H aydn als o p emkapeIlm eister (Marnz: Schotts' s ohne, 1960)'
watercolorby unknownpainter,p. 49 [sic]." It is actuallyopp.
Geiringer , p. ll4. This incident is also reportedin The
GreatDr. Bumey, Volume II, by PercyA' Scholes(London:
p^>dordUniversity Press,L948)' p. 113'
"
cit.d by Landon, III, P.226.
p.48.
33
16
17
"Beispiele
bei
Otto Biba ,
filr die Besetzungsverheiltnisse
Auffihrungen Haydns oratoien in wien zwischen1784und
1808," in Haydn-Stttdien, IV 12, Muy, 1978 (Munich: G'
"Lista Von den 28tenund 30t"n
Henle, June 1965-), p.94:
Marti; 78a [sic] abgehaltenenMusicallischenSocietdtsAc"Bei den
ademien." In a footnote on p' 99 he adds,
Auffihrungen der Tonkilnstler societc)t war es durchwegs
ilblich, da!3nach Moglichkeit derKomponist die Produktionen
Gulkin , pp. 453-4.
18
H. C. Robbins Landon, Haydn: Chronicleand Works,3
vols.(Bloomington:Indiana university Press,1976-78),Vol.
III, p.43.
19
Lurrdon,III, p. 56.
leitete."
20
Di.r, p. 131.
34
Mary Sue Morr ow, Concert Life in Haydn's Wenna
Aspects of a Devetoping Musical and Social Institution
(Stuyvesant,NY: PendragonPress,1989),p' 183'
,,Beichtigung als Beitrag
Lundon, III, p. 151. The letter
zur Geschichte der Musik," appeared rn Der Freimilthige
(XXII, 1825,P. 960).
21
20
?5
""
76
""
77
ger? Ollesonbelievesso. SeeEdward Olleson,"Haydn in the
Diaries of Count Karl von Zinzendorf," in Haydn yearbook
Yol.2 (1963-4) (Brytt Mawr, Pa: Theodore presser Com-
Landon, IV, p.120.
See Landon, IV, pp. L08-9.
pany, 1962), p. 57.
Landon, IV, p.317.
M
'" "
Haydn diigierte selbstmil jugendlichen Feuer." Wien: d.
2IJan.1801 - Briefe. Cited in Gunter Thomas, ,,Giesingers
BiefeilberHaydn," inHaydn Swdien I:2, Feb., 66,p.67. On
p. IT2,Geiringer attributesthis citation to "J. C. Rosenbaum,
1R
"-
Landon, "The Classical Tradition of the 20th Century,,,
Ioumal of the Conductors' Guild,Il:l, Winter 1981, p. 6.
?q
"-
Galkin,pp.487-8,
quotingProfessor
Murchard[?],,,Discoveryof Ancient GreekTabletsRelativeto Music.,,,Hermonicon3, April-May 1825,pp. 56,76.
ul
'"
4'^
1
official in the service of Prince Esterh6ry, [who] kept a diary
that affords much interesting information about Haydn after
his return from London. (Cf.p. 9.)" However, Biba's *Eben
komme ich von Haydn. . ." GeorgAugust Giesingers Konespondenz mit loseph Haydns Verleger Breitkopf ilnd Hrirtel,
I 799-18 19 (Zurich:Atlantis Musikbuch - Verlag, t9B7),p. 53,
confirms Griesinger as the source.
Brown,p.29.
Brown, p. 28.
4)
47 "Irh
bemerkte, dalJ das Tempo, besondersbei den Aien
und auch bei den Fugen ziemlich moderato und nicht so
schnell wie bei uns angegebenwurde." Cited by Altmann
Kenner, Musikgeschichtedes Stiftes Kremsmijnster (Kassel:
Bdrenreiter,1956),p.567, and Landon, IV, p.22.
Henri Beyle, (pseud. Stendahl), Haydn, Mozart and
Metastasio, Trans. Richard N. Coe (New York: Grossman
Publishers, 1972),pp. 110-11.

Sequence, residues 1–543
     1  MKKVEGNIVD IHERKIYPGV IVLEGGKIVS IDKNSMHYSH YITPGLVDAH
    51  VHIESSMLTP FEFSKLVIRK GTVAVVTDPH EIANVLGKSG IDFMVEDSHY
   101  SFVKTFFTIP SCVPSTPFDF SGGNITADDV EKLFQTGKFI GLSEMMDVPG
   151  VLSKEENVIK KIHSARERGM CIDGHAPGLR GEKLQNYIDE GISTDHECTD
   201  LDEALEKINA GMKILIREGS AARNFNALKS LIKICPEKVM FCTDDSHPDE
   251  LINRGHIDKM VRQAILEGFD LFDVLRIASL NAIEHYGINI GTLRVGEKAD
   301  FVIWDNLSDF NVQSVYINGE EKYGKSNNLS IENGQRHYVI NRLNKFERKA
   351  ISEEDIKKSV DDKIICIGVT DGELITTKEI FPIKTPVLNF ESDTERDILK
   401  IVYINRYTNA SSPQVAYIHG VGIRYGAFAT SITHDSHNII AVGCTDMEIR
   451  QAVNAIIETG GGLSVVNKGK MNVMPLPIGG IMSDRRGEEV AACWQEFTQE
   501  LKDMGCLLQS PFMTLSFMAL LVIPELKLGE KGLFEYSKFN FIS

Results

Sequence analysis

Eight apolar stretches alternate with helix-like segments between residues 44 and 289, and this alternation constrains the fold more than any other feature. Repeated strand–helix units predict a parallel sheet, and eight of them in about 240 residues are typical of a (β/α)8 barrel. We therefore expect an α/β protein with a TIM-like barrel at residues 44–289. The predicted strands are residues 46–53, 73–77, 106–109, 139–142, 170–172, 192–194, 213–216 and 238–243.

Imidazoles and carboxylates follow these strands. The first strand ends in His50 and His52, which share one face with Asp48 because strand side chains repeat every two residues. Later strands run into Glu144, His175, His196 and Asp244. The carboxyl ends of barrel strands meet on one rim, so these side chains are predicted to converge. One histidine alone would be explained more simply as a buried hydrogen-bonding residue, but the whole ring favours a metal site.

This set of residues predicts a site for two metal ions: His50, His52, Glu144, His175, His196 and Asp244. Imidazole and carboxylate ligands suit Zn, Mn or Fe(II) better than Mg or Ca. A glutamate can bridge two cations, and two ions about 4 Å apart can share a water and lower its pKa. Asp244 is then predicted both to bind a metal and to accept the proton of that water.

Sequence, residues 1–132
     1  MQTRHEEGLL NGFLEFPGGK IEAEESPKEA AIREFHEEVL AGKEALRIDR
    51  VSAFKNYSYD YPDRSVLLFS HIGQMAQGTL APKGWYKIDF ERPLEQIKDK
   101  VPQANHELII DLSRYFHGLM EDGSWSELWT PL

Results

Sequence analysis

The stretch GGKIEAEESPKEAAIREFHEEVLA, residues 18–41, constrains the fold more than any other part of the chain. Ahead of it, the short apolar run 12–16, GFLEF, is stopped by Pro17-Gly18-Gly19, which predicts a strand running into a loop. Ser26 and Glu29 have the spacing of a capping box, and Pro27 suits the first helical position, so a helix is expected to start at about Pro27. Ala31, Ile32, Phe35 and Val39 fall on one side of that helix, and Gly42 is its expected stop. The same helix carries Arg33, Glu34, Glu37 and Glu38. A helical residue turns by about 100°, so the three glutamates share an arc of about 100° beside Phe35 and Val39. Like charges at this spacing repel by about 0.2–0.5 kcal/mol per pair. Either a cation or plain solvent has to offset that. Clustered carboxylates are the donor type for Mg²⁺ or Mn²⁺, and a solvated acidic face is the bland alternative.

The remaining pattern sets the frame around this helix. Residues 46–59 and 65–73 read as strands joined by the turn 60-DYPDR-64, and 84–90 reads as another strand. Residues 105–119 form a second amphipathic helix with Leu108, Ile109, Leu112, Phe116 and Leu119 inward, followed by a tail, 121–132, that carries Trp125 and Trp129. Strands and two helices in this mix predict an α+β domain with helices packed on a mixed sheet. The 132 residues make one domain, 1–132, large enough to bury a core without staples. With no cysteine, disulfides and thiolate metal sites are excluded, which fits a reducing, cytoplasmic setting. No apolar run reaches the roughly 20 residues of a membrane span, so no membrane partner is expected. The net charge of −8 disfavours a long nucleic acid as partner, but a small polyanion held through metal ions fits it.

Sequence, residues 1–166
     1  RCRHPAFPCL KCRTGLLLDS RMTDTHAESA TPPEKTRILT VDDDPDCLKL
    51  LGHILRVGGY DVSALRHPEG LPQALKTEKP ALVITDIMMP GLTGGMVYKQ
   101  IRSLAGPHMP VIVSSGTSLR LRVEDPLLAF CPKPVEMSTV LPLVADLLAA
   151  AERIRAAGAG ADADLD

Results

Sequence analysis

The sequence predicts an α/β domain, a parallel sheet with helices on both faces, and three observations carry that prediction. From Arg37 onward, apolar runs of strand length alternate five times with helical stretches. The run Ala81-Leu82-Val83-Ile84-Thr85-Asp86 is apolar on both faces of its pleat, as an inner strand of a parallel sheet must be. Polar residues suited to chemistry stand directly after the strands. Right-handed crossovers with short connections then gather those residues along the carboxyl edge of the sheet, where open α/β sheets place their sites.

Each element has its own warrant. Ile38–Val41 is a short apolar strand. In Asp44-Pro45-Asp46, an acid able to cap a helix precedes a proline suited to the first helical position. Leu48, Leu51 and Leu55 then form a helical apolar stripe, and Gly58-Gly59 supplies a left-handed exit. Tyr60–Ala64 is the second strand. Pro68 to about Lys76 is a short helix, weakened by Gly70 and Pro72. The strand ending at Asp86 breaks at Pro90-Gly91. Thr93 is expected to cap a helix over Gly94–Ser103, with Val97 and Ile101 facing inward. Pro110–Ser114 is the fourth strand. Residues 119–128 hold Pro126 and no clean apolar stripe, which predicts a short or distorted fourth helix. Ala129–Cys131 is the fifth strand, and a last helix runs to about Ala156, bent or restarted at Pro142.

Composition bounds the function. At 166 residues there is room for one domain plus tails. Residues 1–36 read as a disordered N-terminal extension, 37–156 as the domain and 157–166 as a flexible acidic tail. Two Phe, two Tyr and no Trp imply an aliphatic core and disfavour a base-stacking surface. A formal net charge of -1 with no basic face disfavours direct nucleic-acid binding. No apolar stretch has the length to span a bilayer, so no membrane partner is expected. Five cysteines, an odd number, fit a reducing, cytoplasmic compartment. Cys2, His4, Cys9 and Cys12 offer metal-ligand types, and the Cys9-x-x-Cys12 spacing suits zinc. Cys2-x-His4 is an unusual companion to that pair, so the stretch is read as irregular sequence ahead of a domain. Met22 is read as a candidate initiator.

43
- "La
musique a dtd parfaitement execut1e,diigde par
Hayden [sic] qui donait la mesure des 2 meins.,, Cited by
Hugo Botstiber, Ioseph Haydn - (JnterBenutzung der von C.
F. P oh I hint erl assen en M atei ali en, Y ol.3 (Leipzig: B r eit ko pf
tind Hdrtel,1927), p. 13L,and Landon, IV, p.320.
48^
Grresinger,p. 38.
49
44
' ' "Ich
glaubenoch sein Gesichtzu sehen,als dieserZugvom
orchester ausgtng.Haydn hatte dabei eine Miene wiejemand,
der sich auf die Lippen zu beilSendenkt, entweder um seine
verlegenheitzu hemmen oder aber um ein Geheimnis zu
verbergen.Und in demselbenAugenblick, als zum erstenMal
dieses Licht hervorbrach, wilrde man gesagt haben, dalj
strahlen geschleudertwurden aus des Ktinstrers brennenden
Augen." Cited by Georg Feder, "Joseph Haydn als Mensch
und Musiker, " in OsteneichischeMusikzeitschift, XVII/2,
February 1972(Yienna: H. Bauer Verlag, January 1946-),p.
65.
Brown, Performing, pp. 30-32.
"50
"
C i ted by Landon,IV , p.240.
5L
Marianne Pandi and Fritz Schmidt, ,,Music in Haydn,s
and Beethoven's Time as Reported in the pressburger
Zeitwg," inHaydnYearbook Vol.8, 1971(Bryn Mawr, pa.:
Theodore PresserCompany, 1962-), p.2f.3 also cited by
Landon,IY , p.222.
"\)"
5?
4- 5 ^
Geiringer, p. 164,quoting AMZ review of the 22 and23
December 1799performances. The original passagereads:
"Mirwar
seineMimik Hochst interessant.Er hauchtedadurch
dem zahlreichen Personale der Tonkiinstler den Geist ein, in
welchem sein Werk komponiert wer, und auf gefi)hrt werden
musste. Man las in allen seinen, nichts weniger als
tibertiebenen,Bewegungensehrdeuttichwaserbeyjeder stelte
gedachtund empfunden haben mochte. Es istzu wunschen,
dalSein Werk, welchesHaydn und dem teutschen Vaterlande
so sehr zur Ehre gereicht,nie durch eine ungeschickteoder
mittelmcissigeExekution entstellt werde. -- Gr." (AMZ, No.
16,L5January1800,pp.28l-2.) Was this reviewby Griesin-
54
S eeLandon,II, pp. 180-1.
D i es, pp.' 123-4.
Landon, III, pp. 247-8.